Saturday, May 3, 2008

If Cremains Offend You, Stop Now

I was retelling this at school the other day, at lunch and my colleagues said I should write it down. I thought I had, but I have looked through my posts and can't find it.
Burying Mom

It had been well over a year since Mom had passed and my youngest brother convinced me that our youngest sister was never going to be ready to let go. Mom's cremains had been sitting in a tastefully innocuous box on a shelf for all that time, looking like an Encyclopedia Britannica, possibly J.or S. I had sometimes thought of doing a little decorative painting, but the reference book look was really OK for a bookshelf. My sister was not happy with our decision but requested some of the cremains to keep for herself, she actually wanted jewelry, but I will leave that up to her. Rick found out that Papa, our grandfather, had a third spot in the country cemetery where my grandparents, aunt and uncle are buried. Mom's idea had been that I sneak out in the middle of the night, dig a hole and put her with her mother, but, being the oldest child and carrying the burden of rule following that oldest children are bound to, I simply had to be legal! Dh was out of town when I decided to give my sister what she wanted so I had to shop for a small box or container that I thought would have appealed to Mom and to Elaine. I found a suitably antiquie looking box with a small volume so I wouldn't have to put in too many ashes.

I had never seen real ashes, just the ones they show in movies, so I was amazed at the density and weight of the box. I worked on my computer station in the living room, a lovely built-in DH designed and built for me. A very very nice space. I apprehensively opened the bag and tried to undo the ziplock that sealed the heavy duty plastic bag inside the box. I finally pulled out the bag from the box and cut an opening in it. (DO not remove the bag!) While I was dipping Tablespoonfuls of Mom's ashes into another baggy for my sister,, the original bag slowly lost it's shape and sank into another form. I didn't think that was a problem. Again I say (Do not remove the bag)Mentally I was thinking that Mom was getting a kick out of this, finding it funny, and I was past the weirdness and into the humor of the situation. I fixed Elaine's baggie and sealed it in a box with sealing wax. That seemed ceremonial to me. Then I tried to put the ashes back into the original box, no deal. Real cremains are dense and uncooperative as Mom herself could be sometimes, no matter how I pushed, urged and tried, I could not return the bag into the box, they would not accept the shape of the box. I went to the kitchen and got two walmart bags and doubled bagged the ashes into those bags, Mom would have loved that, though she would have preferred Aldi's sacks, if they even have sacks. I had to put the original plastic bag into the box and gently and carefully pour the ashes back into the original containers, I got my own cable tie to retie the bag. For some reason I thought I had broken some federal law by putting the hole in the bag and that the cemetery people would find that unacceptable. That was irrational, but you can excuse me for having some irrational thoughts at that time.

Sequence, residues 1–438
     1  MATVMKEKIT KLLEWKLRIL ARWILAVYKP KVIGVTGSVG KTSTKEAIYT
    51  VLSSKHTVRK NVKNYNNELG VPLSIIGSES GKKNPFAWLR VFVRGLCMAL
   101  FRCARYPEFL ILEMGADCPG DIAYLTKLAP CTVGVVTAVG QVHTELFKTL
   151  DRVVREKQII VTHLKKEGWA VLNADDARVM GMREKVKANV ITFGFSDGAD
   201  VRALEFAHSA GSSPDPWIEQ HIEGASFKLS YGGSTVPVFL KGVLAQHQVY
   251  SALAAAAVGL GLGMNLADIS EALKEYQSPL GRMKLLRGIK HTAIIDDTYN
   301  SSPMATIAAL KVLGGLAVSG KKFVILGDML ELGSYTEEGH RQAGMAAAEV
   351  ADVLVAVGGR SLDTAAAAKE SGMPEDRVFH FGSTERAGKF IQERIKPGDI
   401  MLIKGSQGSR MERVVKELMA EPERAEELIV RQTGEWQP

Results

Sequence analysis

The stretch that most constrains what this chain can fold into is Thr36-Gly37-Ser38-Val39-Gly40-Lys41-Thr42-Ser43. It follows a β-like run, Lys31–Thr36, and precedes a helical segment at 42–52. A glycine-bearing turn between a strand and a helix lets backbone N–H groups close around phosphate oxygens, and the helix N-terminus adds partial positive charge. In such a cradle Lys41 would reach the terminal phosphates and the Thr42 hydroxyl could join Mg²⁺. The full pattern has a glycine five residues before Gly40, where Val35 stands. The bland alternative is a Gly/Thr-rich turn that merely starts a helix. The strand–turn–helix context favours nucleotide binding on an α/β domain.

I gave the little wooden box to my sister and went alone one sunny day to meet the cemetery managers at the country cemetery where Mom got her wish to rest with her own mother, but legally, she really would have preferred illegally.(Just so you know, my sister wouldn't go) I do recommend waiting a couple of years to bury the cremains, there is a certain beauty and peace then that you don't have in the heat of the loss, for the first time I was able to look at the farmland gently sloping away from the little hill on which they all lie.
My childhood Sunday school teacher put Mom's box in the ground, my knees were too bad, and she, at least 90, just hopped down and did it and hopped right back up. A high school acquaitance and friend of my oldest cousin had dug the hole and remembered me, tht was so strange. I didn't feel anyone knew me from that school.

1 comment:

Katie Schwartz said...


I know what you mean about feeling like you're doing something wrong and similarly finding beauty and peace in waiting until you're ready to bury the cremains.

As always, you handled this deathuation with humor, grace and dignity.

What a dame you are.